top of page

Deep Ancestor Connection through Drum Making

The sky outstretched above me, birds souring above on the thermals making their flight look fun and effortless. A buzzard is one such bird, looking down as if he's wondering whether what I'm doing might provide his next meal. Occasionally a crow comes to watch what I'm doing, maybe also opportunistically eyeing up what I'm doing for an easy snack?

In my hand, a stone, flint tool, a scraper specifically designed for the job I'm doing. Designed originally by our ancestors 5000 plus years ago. This stone knapped by modern hands, an archaeologist with the experience of understanding ancient ways. The flint slides through the soft thick fur of a roe deer skin, slipping the fur from the follicles within the skin. Clearing it to become the recognisable skin that will be hand stretched over a hoop to become a shamanic frame drum.

 I feel as though my body, heart, mind, spirit, hands could be at any point in time as I do this work. I feel so connected with the ancestors that did this work, and connected with the natural world i do this. My body realises the work my hands were perfectly designed for. Not that were designed just for working on deer skins but designed for incredible intense tasks that supported our survival once upon a time. Working with deer skins being one such task.

Deer have been an animal who's life on earth has woven threads with humanity throughout history. Our ancestors honoured the deer, its life was incredibly sacred. When its life was taken to support a community all parts of the deer wereused for a purpose. For food, clothing, housing material, and of course jewellery and ritual items. Stories have been told through history of the deer spirit, the deer mother. Linking our relationship with deer back through to the Palaeolithic past.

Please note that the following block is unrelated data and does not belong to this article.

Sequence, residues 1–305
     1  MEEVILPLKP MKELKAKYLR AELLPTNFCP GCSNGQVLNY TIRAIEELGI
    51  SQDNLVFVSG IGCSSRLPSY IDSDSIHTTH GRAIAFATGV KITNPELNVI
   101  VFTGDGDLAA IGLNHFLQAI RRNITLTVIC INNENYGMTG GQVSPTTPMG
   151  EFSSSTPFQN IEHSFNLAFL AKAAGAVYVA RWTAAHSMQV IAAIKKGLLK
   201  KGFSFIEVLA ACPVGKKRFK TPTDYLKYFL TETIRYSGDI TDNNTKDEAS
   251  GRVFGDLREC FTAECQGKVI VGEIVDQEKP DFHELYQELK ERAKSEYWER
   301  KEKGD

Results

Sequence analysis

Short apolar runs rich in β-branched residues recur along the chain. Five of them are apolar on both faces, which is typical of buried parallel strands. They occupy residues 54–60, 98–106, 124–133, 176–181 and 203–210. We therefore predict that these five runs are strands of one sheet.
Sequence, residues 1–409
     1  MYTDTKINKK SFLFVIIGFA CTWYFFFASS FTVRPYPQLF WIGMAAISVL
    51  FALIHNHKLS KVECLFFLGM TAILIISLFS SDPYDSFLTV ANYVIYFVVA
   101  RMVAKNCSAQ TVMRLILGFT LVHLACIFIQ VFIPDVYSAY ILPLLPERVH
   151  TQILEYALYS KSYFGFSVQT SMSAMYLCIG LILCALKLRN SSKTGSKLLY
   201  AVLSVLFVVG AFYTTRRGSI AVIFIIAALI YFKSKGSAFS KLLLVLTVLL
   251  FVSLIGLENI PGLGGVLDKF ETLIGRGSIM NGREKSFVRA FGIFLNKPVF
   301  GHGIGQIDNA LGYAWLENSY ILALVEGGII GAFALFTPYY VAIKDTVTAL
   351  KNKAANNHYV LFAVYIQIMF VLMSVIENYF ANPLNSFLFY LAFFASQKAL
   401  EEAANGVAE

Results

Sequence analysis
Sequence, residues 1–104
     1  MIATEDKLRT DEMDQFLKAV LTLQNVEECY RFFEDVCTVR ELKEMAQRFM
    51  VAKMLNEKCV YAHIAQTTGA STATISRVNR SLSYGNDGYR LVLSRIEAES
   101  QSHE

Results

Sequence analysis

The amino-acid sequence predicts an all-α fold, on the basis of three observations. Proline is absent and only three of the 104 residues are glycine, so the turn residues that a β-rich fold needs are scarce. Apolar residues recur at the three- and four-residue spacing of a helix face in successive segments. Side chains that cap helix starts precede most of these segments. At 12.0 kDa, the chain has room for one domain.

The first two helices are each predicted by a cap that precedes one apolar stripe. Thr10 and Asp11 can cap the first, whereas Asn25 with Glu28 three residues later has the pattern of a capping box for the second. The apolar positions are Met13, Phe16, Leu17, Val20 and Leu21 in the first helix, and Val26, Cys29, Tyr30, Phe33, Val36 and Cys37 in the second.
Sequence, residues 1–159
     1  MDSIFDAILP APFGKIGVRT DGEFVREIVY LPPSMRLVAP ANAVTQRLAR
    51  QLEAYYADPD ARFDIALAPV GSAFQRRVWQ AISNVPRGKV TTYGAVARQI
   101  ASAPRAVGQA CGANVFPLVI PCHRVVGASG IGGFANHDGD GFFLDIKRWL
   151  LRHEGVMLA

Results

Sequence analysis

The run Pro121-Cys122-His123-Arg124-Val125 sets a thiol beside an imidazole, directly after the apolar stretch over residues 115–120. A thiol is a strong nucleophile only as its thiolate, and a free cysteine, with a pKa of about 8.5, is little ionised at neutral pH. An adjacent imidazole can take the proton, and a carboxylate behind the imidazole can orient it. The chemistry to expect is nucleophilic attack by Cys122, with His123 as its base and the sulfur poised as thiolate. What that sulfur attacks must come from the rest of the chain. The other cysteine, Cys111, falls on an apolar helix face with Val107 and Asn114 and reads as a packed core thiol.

Crafting drums from the process of slipping the fur from the skin, or from before that process like my friend Sarah does is just such a deep work.

Before I met Sarah, before she gifted me the experiences of working with the skins from this point, I would buy the skins already stripped of fur, clean, often really pale and clean in colour. I was very much in awe of the skins then that I worked with, as were my clients. You are working with the skin from an animal, its spirit can be strongly felt in the room as you work creating a drum from its skin. I would create ceremony, a strong foundation of prayers in which to hold my clients crafting their drums, I would smudge with herbs to clear the energies and support the drums rebirth.

I still do ceremony, I still hold space and I still smudge. However the process of working from the beginning, and forming the relationship with the skin while it wears its fur, changed the sacred connection. Deepens the sacred connection you have with the deer. These aren't a stranger like they can be if you work with pre prepared skins. The honouring of their spirit is held in a different way because we are working with the skin from an earlier process, we know their journey, and we have the honour of supporting their transition. The ceremony within the natural process holds so much more depth and connection. so much so I often feel smudging isn't needed for keeping a hold of the ceremony, and clearing the energies that arise within the sacred space. There is a delicate balance to be worked with and held.

I will leave a beautiful thought with you to ponder on by humble Sami Shaman Jungle Svonni - I asked him during a webinar he offered. ' How do you shift your consciousness into being with sacred space from the outside everyday world for ceremony?'' He answered, although sadly I do not have his quote word for word but this was what he said from my memory.

We do not need rituals to support sacred space, it is too cold where we live, and we are too busy to use rituals in the way western people do, or the Native American ritual. The sacred is in nature. We are Reindeer herders, the deer is our Sacred and our ceremony, the reindeer connect us to our ancestors.

 Whilst Jungle Svonni wasnt talking about drum making. I have really reflected on his words, and I really feel that the Deer itself, its spirit, the material process, our own nature and connection is the sacred within the ritual. As our hands work, we touch the hands of our ancestors as they worked, through the skin and with the spirit of the deer.

Or Email for enquiries or conversations on working deeply with the process of creating your drum.

Blessings Eva



Single Post: Blog_Single_Post_Widget
bottom of page